When you buy a home, you most likely have to research your options for mortgage loans and pick one that makes sense for you. Unfortunately, this is easier said than done. That’s because whenever you select a mortgage loan, there’s a big tradeoff you have to consider. Here’s what it is.
This is the biggest tradeoff mortgage borrowers have to make
When you pick your mortgage, you are going to have to decide between:
- Lower monthly payments, but higher costs over the life of the loan
- Higher monthly payments, but lower borrowing costs over the life of the loan
Mortgages come in different term lengths. The most popular options are a 15-year mortgage or a 30-year mortgage, although there are also others such as a 20-year loan.
A 15-year mortgage generally has a lower interest rate compared with a 30-year mortgage because this kind of loan is less risky for the bank. You always pay less with a lower interest rate. But that’s especially the case when you cut 15 years off your payoff time since you are going to be paying interest for much less time. But, by making half the number of payments, it’s obviously necessary for each individual payment you make to be much bigger.
A 30-year loan will come with a higher interest rate, and obviously you are going to pay interest for many more years, so costs will be greater over time compared with the 15-year loan. But the monthly payment will be much more affordable since you are going to have twice as long to pay your balance off.
To understand this tradeoff, let’s look at an example. Say you are borrowing $400,000. In this case, you might find yourself deciding between a 30-year loan with an interest rate of 5.5% or a 15-year mortgage with an interest rate of 4.7%.
The 15-year loan would cost you $3,101 per month for your mortgage principal and interest (not counting property taxes and insurance). And you would pay a grand total of $558,183, so $158,183 in interest costs. But the 30-year loan would come with monthly principal and interest payments of $2,271 and total costs over time of $817,616, so you would pay $417,616 in interest costs.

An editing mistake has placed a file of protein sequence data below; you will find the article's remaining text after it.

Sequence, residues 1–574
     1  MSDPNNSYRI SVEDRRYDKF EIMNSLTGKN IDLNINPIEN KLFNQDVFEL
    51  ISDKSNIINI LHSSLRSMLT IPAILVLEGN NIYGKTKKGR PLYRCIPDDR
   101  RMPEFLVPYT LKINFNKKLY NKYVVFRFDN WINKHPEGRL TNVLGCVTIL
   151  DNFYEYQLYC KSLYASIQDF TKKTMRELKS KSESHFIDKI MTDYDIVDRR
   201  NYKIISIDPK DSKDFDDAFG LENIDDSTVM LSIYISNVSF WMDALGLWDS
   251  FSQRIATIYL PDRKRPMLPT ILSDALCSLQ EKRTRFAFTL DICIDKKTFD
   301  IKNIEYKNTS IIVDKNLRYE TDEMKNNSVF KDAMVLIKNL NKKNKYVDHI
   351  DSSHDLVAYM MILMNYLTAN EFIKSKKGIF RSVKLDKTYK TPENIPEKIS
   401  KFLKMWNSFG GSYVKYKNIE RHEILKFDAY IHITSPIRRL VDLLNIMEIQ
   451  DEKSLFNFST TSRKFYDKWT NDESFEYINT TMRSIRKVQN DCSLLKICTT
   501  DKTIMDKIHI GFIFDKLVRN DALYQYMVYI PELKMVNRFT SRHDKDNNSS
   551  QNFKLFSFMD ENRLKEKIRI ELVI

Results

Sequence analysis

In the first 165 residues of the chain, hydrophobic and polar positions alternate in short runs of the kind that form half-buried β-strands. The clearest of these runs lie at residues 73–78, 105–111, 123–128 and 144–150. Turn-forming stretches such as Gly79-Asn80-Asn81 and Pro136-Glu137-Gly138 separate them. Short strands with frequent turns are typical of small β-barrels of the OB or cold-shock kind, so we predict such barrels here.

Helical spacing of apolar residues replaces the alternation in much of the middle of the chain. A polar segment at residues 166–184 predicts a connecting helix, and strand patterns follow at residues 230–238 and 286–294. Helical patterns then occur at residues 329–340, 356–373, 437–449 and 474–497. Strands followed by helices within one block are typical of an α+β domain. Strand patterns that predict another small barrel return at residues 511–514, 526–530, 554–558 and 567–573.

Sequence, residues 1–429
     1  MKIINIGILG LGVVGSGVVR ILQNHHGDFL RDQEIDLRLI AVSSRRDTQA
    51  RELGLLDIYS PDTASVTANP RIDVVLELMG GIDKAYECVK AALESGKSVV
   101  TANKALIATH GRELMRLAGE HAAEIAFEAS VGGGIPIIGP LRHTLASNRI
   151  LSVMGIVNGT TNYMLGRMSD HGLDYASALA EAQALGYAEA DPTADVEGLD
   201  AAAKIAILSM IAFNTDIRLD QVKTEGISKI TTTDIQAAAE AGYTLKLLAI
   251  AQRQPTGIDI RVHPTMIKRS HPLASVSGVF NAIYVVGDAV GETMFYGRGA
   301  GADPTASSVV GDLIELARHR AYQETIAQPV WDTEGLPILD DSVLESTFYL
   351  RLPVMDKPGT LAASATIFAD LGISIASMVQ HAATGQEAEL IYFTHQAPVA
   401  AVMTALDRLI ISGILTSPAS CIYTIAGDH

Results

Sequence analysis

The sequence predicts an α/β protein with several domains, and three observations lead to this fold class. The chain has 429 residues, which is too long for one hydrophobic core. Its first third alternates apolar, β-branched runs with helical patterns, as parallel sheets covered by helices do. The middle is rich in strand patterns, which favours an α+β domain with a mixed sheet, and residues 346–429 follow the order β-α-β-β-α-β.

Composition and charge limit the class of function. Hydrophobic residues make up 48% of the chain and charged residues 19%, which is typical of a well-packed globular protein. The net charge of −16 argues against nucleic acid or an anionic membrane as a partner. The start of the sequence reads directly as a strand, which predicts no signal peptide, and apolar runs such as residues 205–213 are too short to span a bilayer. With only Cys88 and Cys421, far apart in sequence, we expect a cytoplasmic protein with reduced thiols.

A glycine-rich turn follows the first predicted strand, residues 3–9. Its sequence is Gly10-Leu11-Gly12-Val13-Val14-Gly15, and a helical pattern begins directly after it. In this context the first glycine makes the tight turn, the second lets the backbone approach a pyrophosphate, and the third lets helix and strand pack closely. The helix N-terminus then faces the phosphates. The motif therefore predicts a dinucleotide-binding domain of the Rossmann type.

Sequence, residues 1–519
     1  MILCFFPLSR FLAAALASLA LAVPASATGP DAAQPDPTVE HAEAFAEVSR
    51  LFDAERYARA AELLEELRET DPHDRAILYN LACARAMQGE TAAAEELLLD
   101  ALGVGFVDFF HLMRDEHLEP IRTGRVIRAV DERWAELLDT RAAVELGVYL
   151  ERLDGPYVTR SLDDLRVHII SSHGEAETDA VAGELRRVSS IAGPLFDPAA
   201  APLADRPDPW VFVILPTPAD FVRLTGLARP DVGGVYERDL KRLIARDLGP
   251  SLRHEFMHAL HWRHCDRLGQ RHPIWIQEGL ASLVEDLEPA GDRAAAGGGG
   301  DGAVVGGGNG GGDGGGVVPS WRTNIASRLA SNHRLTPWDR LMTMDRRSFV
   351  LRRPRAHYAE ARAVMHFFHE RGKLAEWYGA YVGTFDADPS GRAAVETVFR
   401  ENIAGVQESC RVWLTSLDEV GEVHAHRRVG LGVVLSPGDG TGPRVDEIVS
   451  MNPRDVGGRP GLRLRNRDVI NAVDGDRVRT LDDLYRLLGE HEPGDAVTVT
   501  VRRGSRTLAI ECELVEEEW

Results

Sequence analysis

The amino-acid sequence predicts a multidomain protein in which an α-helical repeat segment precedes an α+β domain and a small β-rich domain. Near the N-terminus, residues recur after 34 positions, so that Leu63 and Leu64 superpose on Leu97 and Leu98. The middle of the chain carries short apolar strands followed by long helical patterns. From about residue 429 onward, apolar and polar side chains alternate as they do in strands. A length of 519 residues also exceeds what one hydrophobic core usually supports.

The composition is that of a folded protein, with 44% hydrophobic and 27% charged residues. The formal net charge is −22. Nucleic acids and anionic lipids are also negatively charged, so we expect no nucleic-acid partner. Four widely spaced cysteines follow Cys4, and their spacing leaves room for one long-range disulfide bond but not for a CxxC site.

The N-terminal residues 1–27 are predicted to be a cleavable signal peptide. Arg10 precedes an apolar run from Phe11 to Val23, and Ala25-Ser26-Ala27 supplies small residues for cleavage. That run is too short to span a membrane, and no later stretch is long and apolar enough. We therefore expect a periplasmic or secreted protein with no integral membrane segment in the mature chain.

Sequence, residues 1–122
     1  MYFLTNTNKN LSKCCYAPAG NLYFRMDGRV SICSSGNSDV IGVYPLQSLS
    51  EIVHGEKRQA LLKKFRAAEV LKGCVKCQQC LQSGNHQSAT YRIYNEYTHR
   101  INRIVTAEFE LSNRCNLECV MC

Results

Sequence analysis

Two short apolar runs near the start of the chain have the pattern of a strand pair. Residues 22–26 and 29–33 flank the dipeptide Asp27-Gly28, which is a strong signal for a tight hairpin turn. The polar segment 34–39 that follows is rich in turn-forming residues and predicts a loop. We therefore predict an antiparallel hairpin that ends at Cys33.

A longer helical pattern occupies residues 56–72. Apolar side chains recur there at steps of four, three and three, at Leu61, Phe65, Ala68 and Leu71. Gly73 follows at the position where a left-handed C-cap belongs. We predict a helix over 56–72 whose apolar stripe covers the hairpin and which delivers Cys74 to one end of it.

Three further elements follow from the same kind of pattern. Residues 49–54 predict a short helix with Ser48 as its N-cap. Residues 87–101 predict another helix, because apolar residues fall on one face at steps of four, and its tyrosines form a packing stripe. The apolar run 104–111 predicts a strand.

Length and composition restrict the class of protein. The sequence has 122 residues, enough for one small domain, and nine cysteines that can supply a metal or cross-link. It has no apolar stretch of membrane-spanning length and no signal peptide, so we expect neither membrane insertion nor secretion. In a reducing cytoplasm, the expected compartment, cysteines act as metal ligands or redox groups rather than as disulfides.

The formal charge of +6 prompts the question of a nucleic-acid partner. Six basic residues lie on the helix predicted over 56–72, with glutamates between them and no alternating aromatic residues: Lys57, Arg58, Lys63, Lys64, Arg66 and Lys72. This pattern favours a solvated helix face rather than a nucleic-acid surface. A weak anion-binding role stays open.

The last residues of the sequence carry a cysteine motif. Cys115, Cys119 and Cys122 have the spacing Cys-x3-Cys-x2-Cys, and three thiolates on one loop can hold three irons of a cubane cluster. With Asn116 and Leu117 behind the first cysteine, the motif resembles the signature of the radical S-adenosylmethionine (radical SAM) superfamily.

Which option is right for you?
When it comes to this tradeoff, the right answer depends on your goals and your overall financial picture.
Some people want to be debt-free ASAP and would prefer the 15-year mortgage even though that means making much higher monthly payments (and potentially finding it more difficult to qualify for the loan because of it). This is the kind of loan that finance expert Dave Ramsey recommends.
Other people would be better off taking the more affordable loan and investing the money they save on their monthly mortgage payment. The return you get from early mortgage payoff is just the interest saved, so you can likely get a better rate of return by opting for a 30-year loan and investing the difference that you save. But you need to be sure you’ll use the money you save responsibly — otherwise, a 15-year loan may be the better bet if you can afford it.
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